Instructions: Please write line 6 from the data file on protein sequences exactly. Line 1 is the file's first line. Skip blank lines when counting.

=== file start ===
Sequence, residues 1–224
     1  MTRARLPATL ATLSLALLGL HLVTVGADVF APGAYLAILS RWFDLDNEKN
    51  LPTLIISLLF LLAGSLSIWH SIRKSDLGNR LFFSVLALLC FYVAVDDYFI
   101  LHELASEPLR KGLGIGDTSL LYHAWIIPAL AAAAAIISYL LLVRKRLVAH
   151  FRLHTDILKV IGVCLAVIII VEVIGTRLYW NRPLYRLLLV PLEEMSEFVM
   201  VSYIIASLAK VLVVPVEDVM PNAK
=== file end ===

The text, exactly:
   201  VSYIIASLAK VLVVPVEDVM PNAK